Trimodality Therapy With Induction Chemotherapy Followed By Extrapleural Pneumonectomy And Adjuvant High-Dose Hemithoracic Radiation For Malignant Pleural Mesothelioma
Malignant pleural mesothelioma (MPM) remains associated with poor outcome. We examined the results of trimodality therapy with cisplatin-based chemotherapy followed by extrapleural pneumonectomy (EPP) and adjuvant high-dose (50 to 60 Gy) hemithoracic radiation therapy for MPM.
We conducted a retrospective review of all patients prospectively evaluated for trimodality therapy protocol between January 2001 and December 2007 in our institution.
A total of 60 patients were suitable candidates. Histology was epithelioid (n = 44) or biphasic (n = 16). Chemotherapy regimens included cisplatin/vinorelbine (n = 26), cisplatin/pemetrexed (n = 24), cisplatin/raltitrexed (n = 6), or cisplatin/gemcitabine (n = 4). EPP was performed in 45 patients, and hemithoracic radiation therapy to at least 50 Gy was administered postoperatively to 30 patients. Completion of the trimodality therapy in the absence of mediastinal node involvement was associated with the best survival (median survival of 59 months v ≤ 14 months in the remaining patients, P = .0003). The type of induction chemotherapy had no significant impact on survival. Pathologic nodal status remained a significant predictor of poor survival despite completion of the trimodality therapy. After completion of the protocol, the 5-year disease-free survival was 53% for patients with N0 disease, reaching 75% in patients with ypT1-2N0 and 45% in patients with ypT3-4N0.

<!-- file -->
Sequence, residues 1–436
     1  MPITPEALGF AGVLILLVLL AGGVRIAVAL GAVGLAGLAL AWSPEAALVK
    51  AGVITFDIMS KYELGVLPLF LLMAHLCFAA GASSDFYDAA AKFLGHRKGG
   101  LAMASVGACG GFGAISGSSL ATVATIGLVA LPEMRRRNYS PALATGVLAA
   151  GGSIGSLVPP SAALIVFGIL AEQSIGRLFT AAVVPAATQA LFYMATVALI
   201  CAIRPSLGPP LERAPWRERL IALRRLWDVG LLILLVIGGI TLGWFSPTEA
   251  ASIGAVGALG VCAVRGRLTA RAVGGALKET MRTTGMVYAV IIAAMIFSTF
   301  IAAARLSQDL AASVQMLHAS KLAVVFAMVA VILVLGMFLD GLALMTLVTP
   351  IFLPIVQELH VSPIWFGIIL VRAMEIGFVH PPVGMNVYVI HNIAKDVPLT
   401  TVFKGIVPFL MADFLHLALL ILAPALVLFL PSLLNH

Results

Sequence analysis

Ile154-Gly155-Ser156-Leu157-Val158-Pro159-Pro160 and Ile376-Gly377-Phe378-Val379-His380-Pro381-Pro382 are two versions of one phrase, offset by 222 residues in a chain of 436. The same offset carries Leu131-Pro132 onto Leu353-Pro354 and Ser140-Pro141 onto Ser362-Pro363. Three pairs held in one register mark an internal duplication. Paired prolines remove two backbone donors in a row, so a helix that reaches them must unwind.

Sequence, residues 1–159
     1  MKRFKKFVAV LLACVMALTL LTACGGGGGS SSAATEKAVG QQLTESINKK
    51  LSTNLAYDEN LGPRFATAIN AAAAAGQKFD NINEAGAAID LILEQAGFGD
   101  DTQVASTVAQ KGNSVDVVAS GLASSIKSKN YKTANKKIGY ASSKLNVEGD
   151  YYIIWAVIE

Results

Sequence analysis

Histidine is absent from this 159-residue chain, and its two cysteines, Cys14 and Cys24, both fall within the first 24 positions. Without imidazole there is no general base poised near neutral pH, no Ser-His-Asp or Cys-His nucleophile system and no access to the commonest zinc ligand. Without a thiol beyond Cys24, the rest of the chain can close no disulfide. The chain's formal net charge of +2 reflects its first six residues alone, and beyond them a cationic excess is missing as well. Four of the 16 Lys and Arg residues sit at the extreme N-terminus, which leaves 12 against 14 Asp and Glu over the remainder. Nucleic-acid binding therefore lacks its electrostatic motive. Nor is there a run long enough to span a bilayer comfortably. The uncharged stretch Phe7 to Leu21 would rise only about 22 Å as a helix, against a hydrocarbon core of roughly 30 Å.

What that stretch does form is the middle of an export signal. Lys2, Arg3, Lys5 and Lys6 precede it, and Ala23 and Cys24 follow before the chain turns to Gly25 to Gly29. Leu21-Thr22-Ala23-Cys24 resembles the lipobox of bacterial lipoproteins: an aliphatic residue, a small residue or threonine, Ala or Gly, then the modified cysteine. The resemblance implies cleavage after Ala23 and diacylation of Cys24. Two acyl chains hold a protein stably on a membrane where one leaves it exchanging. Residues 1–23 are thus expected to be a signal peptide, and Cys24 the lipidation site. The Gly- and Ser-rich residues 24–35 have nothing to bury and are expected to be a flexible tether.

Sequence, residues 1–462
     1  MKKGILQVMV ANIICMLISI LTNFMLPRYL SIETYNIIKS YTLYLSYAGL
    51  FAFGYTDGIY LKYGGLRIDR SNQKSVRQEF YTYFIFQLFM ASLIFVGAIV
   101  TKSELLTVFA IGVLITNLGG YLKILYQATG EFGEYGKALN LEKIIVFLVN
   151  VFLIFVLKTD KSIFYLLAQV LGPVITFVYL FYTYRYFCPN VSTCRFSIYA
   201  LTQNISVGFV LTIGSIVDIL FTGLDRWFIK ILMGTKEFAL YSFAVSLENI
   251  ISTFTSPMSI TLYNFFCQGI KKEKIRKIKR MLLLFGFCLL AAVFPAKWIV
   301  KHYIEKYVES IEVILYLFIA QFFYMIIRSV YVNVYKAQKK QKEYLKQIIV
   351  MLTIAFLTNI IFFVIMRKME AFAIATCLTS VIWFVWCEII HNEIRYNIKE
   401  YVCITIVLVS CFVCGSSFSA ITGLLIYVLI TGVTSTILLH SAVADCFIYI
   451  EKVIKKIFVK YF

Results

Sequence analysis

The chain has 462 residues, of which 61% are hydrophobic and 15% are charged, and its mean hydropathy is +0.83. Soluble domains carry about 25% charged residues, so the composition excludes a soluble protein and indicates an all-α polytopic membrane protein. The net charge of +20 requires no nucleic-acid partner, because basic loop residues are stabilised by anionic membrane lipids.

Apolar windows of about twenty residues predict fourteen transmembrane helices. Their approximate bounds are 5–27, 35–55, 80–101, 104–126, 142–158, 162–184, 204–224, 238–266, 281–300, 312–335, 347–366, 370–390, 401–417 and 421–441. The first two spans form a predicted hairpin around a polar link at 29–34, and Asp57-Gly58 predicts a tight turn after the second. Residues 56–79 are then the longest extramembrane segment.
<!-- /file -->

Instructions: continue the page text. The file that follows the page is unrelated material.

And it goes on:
This large, single-center experience with induction chemotherapy followed by EPP and adjuvant high-dose hemithoracic radiation for MPM shows that half of the patients are able to complete this protocol. The results are encouraging for patients with N0 disease. However, N2 disease remains a major factor impacting on survival, despite completion of the entire trimodality regimen.